Our Scandi obsession is going nowhere, and of course, there’s a perfect Scandi word for what we want to be doing all summer long. While hygge was all about slowing down and savouring the little pleasures in life, friluftsliv, the Scandinavian word meaning ‘free air living’ is what we can look forward to with longer, warmer days…
What is friluftsliv?
“Friluftsliv is a lifestyle concept that refers to the value of spending time outdoors, which can have positive effects on both mental and physical wellbeing,” says David Brudö, CEO and co-founder of mental wellbeing and self-development platform Remente. “It can help us cultivate gratitude for all that we have and all that nature provides. It’s a practice of finding pause in the busy mundane by literally breathing in the fresh air and connecting back to nature, no matter the season. What’s more, friluftsliv is vital to our physical and mental wellbeing, with studies showing that living in a state of disconnection to nature may be downright traumatic.”
What’s so great about it?
In fact, David says, “the concept of ecotherapy has been recognised as an effective treatment for depression, with participants in a study by the mental health charity, Mind, reporting significant decreases in anger, confusion, depression, and tension after taking part in outdoor activities.”
In Scandinavia, the concept of friluftsliv becomes second nature as people are introduced to it as children and make it a part of their everyday lives from a young age. “In Sweden alone, there are 25 non-profit friluftsliv associations with 1.7 million active members, and employers encourage the practice with built-in friluftsliv time for workers, recognising the benefits on employee wellbeing and productivity,” David says.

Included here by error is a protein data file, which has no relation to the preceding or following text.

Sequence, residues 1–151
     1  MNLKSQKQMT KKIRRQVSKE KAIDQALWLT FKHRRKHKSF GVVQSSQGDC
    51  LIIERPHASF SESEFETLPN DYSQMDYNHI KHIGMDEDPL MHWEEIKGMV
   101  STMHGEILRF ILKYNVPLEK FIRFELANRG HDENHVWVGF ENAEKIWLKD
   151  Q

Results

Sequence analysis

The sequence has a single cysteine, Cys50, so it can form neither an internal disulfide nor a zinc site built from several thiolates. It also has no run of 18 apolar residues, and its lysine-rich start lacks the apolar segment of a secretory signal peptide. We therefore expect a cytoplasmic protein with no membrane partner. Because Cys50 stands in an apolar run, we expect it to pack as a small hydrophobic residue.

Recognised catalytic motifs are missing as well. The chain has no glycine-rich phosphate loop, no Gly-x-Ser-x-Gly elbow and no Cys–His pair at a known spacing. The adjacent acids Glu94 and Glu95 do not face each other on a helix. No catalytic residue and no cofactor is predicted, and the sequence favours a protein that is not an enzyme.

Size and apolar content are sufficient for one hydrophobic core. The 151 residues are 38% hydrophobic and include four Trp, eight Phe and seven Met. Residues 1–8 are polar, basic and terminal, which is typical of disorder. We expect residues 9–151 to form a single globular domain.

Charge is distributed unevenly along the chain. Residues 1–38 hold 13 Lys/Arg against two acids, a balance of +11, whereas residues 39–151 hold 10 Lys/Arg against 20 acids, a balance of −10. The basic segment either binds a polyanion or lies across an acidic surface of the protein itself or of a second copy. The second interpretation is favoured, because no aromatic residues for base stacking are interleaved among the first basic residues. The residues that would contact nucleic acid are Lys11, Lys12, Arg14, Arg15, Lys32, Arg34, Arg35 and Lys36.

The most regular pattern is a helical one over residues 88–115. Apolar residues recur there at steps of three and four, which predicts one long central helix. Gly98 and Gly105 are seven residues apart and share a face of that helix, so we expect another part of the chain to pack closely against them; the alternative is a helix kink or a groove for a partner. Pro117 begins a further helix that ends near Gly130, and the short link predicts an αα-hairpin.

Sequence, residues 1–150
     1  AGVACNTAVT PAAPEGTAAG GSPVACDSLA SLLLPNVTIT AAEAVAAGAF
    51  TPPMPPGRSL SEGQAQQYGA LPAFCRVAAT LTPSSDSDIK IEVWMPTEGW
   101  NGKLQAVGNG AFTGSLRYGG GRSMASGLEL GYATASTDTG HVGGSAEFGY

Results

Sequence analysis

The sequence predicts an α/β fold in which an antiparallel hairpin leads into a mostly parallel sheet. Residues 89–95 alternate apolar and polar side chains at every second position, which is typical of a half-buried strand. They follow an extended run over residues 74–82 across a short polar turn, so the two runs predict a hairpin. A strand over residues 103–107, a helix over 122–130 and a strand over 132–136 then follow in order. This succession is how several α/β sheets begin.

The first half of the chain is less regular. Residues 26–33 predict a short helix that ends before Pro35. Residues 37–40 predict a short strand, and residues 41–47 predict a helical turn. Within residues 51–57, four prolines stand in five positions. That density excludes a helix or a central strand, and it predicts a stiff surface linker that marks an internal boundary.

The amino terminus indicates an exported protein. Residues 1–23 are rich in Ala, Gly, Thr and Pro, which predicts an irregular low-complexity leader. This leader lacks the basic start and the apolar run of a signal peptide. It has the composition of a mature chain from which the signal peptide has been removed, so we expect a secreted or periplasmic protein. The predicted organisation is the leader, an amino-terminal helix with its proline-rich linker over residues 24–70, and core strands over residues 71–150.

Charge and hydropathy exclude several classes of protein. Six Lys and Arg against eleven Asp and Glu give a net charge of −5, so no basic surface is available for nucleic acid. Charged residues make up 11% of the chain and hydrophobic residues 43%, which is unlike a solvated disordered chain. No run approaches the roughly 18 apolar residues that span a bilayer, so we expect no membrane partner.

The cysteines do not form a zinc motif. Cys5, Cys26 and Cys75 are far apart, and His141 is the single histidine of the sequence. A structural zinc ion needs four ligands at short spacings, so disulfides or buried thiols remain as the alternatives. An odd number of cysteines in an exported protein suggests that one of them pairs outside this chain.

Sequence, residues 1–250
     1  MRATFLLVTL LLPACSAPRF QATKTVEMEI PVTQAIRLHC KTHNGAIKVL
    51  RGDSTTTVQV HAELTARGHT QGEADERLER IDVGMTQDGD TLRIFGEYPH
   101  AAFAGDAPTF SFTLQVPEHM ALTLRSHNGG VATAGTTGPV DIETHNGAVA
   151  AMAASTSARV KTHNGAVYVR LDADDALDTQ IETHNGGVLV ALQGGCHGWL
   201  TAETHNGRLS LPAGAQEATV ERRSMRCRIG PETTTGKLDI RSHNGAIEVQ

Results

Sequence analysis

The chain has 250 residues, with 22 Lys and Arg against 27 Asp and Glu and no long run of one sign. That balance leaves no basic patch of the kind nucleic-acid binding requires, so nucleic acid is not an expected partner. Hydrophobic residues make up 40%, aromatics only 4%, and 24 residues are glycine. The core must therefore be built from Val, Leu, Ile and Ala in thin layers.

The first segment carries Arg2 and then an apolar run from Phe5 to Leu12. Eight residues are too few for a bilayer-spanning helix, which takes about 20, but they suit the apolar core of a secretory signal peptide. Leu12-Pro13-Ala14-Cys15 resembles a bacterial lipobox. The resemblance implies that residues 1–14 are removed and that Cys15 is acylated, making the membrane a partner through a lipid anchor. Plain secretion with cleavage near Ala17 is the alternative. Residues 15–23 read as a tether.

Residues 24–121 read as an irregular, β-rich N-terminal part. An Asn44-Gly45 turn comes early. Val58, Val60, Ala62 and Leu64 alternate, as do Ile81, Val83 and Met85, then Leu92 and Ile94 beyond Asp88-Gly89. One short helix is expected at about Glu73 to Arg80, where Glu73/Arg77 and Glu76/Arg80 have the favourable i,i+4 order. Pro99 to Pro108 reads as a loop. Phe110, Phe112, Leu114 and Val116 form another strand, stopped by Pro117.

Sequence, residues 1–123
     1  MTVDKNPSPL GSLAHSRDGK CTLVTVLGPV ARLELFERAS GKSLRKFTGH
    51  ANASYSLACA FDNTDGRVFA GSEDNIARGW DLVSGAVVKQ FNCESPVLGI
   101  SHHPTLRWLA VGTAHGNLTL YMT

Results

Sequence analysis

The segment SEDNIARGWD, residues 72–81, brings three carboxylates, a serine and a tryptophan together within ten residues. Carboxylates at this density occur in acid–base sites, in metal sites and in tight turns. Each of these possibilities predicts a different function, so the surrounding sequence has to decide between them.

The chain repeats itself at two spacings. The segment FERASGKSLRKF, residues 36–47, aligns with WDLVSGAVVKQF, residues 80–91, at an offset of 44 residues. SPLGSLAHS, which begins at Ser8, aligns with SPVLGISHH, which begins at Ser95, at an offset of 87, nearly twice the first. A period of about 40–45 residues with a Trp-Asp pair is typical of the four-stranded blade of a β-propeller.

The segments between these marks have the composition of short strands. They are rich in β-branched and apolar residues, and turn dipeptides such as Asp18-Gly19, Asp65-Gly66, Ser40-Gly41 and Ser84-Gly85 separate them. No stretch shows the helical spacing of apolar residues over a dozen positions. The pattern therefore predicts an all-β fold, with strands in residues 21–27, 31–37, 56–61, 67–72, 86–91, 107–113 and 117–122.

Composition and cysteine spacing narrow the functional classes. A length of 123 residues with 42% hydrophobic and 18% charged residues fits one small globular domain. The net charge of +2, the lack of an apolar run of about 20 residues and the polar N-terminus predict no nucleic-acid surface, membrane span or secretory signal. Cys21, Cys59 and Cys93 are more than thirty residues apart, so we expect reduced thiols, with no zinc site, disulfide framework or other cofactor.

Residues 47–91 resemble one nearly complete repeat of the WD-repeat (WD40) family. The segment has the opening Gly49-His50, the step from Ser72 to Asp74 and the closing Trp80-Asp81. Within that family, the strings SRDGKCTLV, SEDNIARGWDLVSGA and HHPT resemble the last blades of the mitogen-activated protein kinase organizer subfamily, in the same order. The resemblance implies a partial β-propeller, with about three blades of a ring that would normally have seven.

How can I try it?
As for what friluftsliv actually entails, it varies from person to person. Remente’s other co-founder and its psychologist Niels Eék says, “to make sure that you get the most out of the outdoors, do something that you enjoy and works for you. For some, this means enjoying a good conversation during a morning stroll. For others, it could mean doing something active, such as running or fishing, or just sitting down to enjoy a moment of peace in nature. If possible, try to spend some time outdoors every day, and while you’re outside, take a few minutes to focus on your breathing. As you breathe in and out, concentrate on your senses – what you smell, what you hear, and what you feel.”
Lena Köpcke is chief of people and culture at Fishbrain, the world’s most popular social network for anglers. “In Scandinavia, people typically live close to vast forests, mountains, lakes or beaches, and many people also have a summer house in a remote location, so it’s built into our culture to spend as much time as possible outside, and savour all that nature has to offer us. Our users tell us that going fishing helps them relax and unwind, providing reprieve from the hectic work week and, in many cases, significantly improving their mental wellbeing.”
As for us Londoners, it can be as simple as moving your gym workout to the park or your YouTube yoga session to the garden. Try and walk the last few minutes of your commute, or if you’re feeling adventurous, think about an outdoorsy holiday instead of a lazy one.
But remember, starting small is OK. A few minutes of friluftsliv each day could really help your overall wellbeing, so do as the Scandis do.
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